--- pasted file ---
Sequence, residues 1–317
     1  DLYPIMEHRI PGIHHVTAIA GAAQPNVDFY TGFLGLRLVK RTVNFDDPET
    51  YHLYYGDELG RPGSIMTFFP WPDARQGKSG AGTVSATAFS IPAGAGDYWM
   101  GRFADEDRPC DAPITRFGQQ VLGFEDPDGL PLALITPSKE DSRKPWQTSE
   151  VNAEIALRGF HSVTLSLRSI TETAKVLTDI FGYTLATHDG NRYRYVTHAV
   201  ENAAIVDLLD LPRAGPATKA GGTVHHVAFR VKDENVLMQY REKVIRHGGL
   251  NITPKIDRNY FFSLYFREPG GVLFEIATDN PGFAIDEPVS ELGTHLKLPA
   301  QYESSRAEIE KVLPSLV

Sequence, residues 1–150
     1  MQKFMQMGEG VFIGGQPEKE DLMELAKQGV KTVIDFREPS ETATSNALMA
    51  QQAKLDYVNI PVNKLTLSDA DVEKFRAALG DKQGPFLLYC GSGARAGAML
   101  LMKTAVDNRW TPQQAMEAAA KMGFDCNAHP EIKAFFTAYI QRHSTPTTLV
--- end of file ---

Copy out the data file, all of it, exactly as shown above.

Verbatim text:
Sequence, residues 1–317
     1  DLYPIMEHRI PGIHHVTAIA GAAQPNVDFY TGFLGLRLVK RTVNFDDPET
    51  YHLYYGDELG RPGSIMTFFP WPDARQGKSG AGTVSATAFS IPAGAGDYWM
   101  GRFADEDRPC DAPITRFGQQ VLGFEDPDGL PLALITPSKE DSRKPWQTSE
   151  VNAEIALRGF HSVTLSLRSI TETAKVLTDI FGYTLATHDG NRYRYVTHAV
   201  ENAAIVDLLD LPRAGPATKA GGTVHHVAFR VKDENVLMQY REKVIRHGGL
   251  NITPKIDRNY FFSLYFREPG GVLFEIATDN PGFAIDEPVS ELGTHLKLPA
   301  QYESSRAEIE KVLPSLV

Sequence, residues 1–150
     1  MQKFMQMGEG VFIGGQPEKE DLMELAKQGV KTVIDFREPS ETATSNALMA
    51  QQAKLDYVNI PVNKLTLSDA DVEKFRAALG DKQGPFLLYC GSGARAGAML
   101  LMKTAVDNRW TPQQAMEAAA KMGFDCNAHP EIKAFFTAYI QRHSTPTTLV